And I stand by my oeing statement: If lying to congress was a crime Bob Dornan would have been hung, drawn & quartered 10 years ago.
posted by Jos Bleau at 8:46 AM on July 18, 2003


you don't just need to prove that the person is wrong, but that he lied

A good point, and one that those in power are well aware of. If they can keep the intelligence that their decisions were based on a secret, there is no possible way for anybody to prove that Bush knowingly and willing attempted to deceive the house.
posted by BigCalm at 8:56 AM on July 18, 2003


Another opportunity sqaundered. You've reached all the folks you can with Bush-hate - instead of misconstruing legal texts in a snipe hunt to destroy Bush, why not come up with a positve and better way forward?

Yeah, fuck it. Who cares if a bunch of American kids were sent overseas and died to further Bush's political agenda, and that of his oil industry buddies. It's all in the past.

Scumbag...
posted by SweetJesus at 9:00 AM on July 18, 2003


A "better way forward" is to prosecute anyone and everyone in the Bush administration for their roles in this grand deception. Failure to do so will only ensure that it happens again in the future, by other administrations, regardless of political party.

A "better way forward" is to improve accountability in government.

A "better way forward" is to increase the transparency of political motivations and machinations.

A "better way forward" is to encourage rational discussion and critique of government.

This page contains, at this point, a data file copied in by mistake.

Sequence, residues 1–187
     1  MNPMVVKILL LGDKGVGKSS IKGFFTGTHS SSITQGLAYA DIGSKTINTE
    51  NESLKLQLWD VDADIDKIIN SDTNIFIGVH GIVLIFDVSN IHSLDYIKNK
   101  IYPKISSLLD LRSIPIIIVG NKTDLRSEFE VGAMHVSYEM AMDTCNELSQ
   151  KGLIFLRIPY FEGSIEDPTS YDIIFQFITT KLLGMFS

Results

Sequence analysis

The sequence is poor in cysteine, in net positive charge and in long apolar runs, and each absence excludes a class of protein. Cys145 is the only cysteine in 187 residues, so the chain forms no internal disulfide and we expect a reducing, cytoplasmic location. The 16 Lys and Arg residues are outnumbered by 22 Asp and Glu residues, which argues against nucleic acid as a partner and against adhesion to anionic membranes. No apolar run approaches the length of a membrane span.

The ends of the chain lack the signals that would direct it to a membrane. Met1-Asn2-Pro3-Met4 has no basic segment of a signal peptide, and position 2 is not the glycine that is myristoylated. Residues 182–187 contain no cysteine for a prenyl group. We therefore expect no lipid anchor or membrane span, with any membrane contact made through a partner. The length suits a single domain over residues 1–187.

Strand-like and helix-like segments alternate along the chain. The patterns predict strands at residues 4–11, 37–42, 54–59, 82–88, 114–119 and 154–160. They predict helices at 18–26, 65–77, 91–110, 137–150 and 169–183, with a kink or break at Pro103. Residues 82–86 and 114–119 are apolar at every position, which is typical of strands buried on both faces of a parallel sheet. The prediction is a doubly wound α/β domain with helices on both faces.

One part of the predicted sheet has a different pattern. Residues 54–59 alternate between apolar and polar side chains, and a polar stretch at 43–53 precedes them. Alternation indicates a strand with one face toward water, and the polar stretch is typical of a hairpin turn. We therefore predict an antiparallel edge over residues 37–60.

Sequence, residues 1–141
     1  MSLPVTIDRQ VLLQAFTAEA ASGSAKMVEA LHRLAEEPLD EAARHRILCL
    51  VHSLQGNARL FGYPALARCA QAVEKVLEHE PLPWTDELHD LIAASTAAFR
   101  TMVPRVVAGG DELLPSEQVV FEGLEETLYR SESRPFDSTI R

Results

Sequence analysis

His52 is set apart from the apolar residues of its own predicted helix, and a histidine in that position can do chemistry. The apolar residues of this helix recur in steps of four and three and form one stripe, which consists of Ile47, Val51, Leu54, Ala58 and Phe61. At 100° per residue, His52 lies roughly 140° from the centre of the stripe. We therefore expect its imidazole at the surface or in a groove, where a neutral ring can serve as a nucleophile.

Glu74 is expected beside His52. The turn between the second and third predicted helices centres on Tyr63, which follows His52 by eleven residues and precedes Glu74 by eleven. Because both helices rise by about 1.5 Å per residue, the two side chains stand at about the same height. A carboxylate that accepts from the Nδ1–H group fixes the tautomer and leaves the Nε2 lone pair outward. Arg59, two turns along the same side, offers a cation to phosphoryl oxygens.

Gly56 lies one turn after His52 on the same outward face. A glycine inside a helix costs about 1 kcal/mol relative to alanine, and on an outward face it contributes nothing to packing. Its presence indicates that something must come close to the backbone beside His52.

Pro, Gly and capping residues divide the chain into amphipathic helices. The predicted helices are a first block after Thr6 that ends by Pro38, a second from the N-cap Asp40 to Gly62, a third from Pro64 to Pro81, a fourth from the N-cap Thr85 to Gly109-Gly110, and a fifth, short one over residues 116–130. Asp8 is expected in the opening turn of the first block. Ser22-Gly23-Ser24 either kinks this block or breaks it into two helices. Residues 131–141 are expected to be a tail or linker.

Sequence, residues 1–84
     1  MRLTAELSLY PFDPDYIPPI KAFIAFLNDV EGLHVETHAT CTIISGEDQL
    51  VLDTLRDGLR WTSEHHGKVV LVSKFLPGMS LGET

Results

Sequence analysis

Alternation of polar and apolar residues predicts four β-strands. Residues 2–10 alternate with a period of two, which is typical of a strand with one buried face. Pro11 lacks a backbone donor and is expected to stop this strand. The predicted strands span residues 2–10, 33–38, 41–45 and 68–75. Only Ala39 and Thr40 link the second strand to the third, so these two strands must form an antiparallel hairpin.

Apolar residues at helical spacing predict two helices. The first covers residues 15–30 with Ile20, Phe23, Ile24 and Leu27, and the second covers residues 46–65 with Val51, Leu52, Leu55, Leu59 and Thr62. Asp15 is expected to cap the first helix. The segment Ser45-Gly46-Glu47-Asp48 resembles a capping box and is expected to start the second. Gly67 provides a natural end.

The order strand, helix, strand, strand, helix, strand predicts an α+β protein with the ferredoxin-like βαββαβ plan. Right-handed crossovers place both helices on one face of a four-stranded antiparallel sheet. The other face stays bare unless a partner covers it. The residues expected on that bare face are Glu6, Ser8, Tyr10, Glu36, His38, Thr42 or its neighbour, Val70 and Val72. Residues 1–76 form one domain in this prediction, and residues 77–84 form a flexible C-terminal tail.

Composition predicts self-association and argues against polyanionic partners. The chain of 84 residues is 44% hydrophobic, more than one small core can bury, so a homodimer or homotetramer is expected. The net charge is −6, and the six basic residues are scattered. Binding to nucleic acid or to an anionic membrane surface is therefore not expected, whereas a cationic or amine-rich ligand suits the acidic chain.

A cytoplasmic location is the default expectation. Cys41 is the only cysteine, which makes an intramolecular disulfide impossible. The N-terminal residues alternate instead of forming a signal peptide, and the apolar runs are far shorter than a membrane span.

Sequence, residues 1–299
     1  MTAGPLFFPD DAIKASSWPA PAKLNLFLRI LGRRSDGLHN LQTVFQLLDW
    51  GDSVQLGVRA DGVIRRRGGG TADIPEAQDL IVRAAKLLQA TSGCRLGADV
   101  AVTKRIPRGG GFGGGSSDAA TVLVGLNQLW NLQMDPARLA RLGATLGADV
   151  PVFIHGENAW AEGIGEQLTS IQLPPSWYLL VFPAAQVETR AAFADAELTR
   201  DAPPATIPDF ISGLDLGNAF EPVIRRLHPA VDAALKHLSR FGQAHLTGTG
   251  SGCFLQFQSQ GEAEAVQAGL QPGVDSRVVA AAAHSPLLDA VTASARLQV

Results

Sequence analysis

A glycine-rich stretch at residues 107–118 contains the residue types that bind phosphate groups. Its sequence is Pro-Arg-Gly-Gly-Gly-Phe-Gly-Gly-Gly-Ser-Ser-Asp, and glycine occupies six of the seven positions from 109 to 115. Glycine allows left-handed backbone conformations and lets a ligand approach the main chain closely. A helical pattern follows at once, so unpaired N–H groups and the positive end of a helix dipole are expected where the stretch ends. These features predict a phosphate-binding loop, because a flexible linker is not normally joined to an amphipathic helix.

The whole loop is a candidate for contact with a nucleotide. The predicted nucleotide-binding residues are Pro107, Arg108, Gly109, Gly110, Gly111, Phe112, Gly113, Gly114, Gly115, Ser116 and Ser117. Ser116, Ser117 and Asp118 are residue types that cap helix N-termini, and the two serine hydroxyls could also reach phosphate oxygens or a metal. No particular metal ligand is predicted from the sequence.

posted by yesster at 9:05 AM on July 18, 2003


In the SOTU the POTUS doesn't submit a bill for payment and he's not there as part of an investigation or review, so the statute doesn't apply.

Exactly how stupid are you?

The original text says:
"administrative matters, including a claim for payment, a matter related to the procurement of property or services, personnel or employment practices, or support services, or a document required by law, rule, or regulation to be submitted to the Congress or any office or officer within the legislative branch; "

It says "or" a document required by law. What don't you understand about that?

It says "including a claim for payment" not "only a claim for payment.
posted by bshort at 9:08 AM on July 18, 2003


Aside from the other points in this thread, is that the John Dean of Watergate infamy? Looks like it. And if he is, nothing he says carries any weight, even if it happens to be true. It's as if Nixon or Kissenger said it. Any of these three could tell me the sky is blue and bears shit in the woods and it would still need independent corroboration. Dean calling Bush (or anyone) a liar is a case of the bass calling the catfish wet.
posted by jfuller at 9:09 AM on July 18, 2003


What yesster said.
If those who don't remember history are forced to repeat it, I wonder if we are paying the penance for not paying attention to Regan's duplicity in Central America?
posted by ahimsakid at 9:10 AM on July 18, 2003